Attorneys take extortion, harassment, bribery, blackmail, assault and stalking seriously, but somehow many church leaders are clueless.

 

Marital abuse victims are the most vulnerable. Unlike in the secular corporate world, there is no human resources department to dismiss a domineering, deceitful, or intimidating spouse.

 

So abused wives and husbands put up resistance in hundreds, if not thousands, of subtle ways:

 

HOW DO SPOUSES RESIST?

When they feel trapped with a more dominant person, due to Christian teachings forbidding divorce, they try to protect themselves every day …

 

1) By appeasing, reasoning, and offering evidence of their view.

2) By being perfect, walking on eggshells to keep from setting them off.

3) By not being around when the abuser is home to reduce contact.

4) By staying at work longer to pay off their spouse’s unilateral spending.

5) By going to Bible studies or doing church volunteering to avoid being demeaned or threatened.

6) By having sex to keep their spouse from getting more irritable and aggressive.

7) By agreeing to some form of humiliation to protect self or the kids from another, worse form.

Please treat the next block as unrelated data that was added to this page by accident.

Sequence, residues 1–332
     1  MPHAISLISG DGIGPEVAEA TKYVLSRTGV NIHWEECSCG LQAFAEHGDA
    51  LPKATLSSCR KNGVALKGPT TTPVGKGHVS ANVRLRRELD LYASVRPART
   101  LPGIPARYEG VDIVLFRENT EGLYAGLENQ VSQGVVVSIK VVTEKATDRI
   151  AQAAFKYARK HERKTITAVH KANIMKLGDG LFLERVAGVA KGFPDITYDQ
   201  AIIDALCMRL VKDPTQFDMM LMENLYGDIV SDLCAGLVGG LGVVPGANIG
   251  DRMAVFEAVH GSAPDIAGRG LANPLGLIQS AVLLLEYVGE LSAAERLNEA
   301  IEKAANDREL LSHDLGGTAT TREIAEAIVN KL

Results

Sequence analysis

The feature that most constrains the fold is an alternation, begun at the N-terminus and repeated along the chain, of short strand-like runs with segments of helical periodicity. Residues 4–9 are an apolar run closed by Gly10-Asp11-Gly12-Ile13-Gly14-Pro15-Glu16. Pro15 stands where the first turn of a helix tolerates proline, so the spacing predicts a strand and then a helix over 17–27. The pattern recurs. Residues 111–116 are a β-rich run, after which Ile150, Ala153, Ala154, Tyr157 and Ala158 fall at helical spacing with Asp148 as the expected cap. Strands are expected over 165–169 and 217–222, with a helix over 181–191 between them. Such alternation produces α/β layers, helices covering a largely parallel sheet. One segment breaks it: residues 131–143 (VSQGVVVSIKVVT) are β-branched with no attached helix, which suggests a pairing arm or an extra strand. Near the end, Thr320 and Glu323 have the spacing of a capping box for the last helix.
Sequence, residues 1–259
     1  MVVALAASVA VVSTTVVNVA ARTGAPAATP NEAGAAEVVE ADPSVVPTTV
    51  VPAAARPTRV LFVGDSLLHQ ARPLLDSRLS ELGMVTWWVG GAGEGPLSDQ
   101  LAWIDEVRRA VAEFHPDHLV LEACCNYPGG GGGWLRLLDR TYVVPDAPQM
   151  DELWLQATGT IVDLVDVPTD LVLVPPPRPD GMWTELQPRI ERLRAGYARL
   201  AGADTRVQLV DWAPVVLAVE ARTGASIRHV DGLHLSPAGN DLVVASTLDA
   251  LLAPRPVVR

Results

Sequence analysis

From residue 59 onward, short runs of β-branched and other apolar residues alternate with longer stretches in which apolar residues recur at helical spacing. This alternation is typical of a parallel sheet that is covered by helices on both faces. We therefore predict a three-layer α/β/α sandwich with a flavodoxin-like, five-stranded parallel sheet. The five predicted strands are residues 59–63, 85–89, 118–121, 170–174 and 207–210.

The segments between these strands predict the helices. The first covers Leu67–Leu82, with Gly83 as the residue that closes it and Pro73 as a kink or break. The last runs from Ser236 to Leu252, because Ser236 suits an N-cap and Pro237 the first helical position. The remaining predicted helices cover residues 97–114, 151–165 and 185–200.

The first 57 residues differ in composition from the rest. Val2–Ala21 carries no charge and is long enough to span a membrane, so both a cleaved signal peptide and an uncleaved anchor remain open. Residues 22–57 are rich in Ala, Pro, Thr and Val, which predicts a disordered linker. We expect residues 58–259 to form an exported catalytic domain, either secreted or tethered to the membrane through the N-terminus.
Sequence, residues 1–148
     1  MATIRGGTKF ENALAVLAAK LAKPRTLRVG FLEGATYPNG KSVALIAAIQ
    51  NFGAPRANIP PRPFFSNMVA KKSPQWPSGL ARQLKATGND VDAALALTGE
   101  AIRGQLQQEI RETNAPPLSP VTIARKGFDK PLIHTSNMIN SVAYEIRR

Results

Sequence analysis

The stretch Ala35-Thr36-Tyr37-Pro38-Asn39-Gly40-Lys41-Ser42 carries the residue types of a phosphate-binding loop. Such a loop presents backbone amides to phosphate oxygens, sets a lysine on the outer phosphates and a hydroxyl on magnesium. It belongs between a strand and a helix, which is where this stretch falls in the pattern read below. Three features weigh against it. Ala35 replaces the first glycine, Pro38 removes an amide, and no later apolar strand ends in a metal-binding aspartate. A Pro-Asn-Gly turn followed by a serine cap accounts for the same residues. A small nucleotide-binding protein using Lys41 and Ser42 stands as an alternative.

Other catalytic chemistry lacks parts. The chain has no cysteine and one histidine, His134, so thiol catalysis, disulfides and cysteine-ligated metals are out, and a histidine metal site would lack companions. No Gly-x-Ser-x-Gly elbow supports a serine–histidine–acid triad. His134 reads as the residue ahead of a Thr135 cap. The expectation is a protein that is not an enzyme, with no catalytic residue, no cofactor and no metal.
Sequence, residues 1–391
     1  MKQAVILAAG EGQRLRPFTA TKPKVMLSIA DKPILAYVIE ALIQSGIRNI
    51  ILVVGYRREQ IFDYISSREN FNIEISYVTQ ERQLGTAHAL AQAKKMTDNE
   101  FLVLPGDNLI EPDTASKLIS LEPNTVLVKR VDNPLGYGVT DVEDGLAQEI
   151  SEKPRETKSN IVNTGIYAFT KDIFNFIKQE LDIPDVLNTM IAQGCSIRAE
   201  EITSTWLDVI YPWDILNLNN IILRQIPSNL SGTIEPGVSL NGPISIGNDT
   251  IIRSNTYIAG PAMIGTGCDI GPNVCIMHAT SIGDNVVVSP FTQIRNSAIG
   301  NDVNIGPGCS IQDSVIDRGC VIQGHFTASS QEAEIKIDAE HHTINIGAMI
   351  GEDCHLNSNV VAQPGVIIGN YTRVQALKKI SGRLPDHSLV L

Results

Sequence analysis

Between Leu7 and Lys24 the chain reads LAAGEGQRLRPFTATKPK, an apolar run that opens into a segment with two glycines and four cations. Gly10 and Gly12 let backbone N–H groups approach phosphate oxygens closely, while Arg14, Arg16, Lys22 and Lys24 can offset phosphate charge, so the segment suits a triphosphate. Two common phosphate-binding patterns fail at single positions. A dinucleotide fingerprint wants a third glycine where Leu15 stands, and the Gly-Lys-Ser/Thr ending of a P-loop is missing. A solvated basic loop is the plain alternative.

8) By apologizing profusely (even when they aren’t wrong), just to avoid punishment.

9) By refusing or failing to do what the abuser wants.

10) By trying to stop or prevent violence to themselves or others.

 

They are constantly resisting in every possible way that’s safe.

 

We should applaud them and understand their resistance for what it is!

 

They are protecting themselves, their kids, and their future in any way they can. If that means sleeping with a boss who can destroy their career, smear their reputation, and withhold their pay, they may feel they have no choice. That’s extortion, and it’s illegal, but critics seem to miss that. Another name for it is coercive control.

 

We know these people are resisting because “the fact that perpetrators make plans to stop victims from resisting indicates that their abuse is deliberate.” (Honoring Resistance, p. 4) Potiphar’s wife tried to stop Joseph from resisting by grabbing him when no one was around.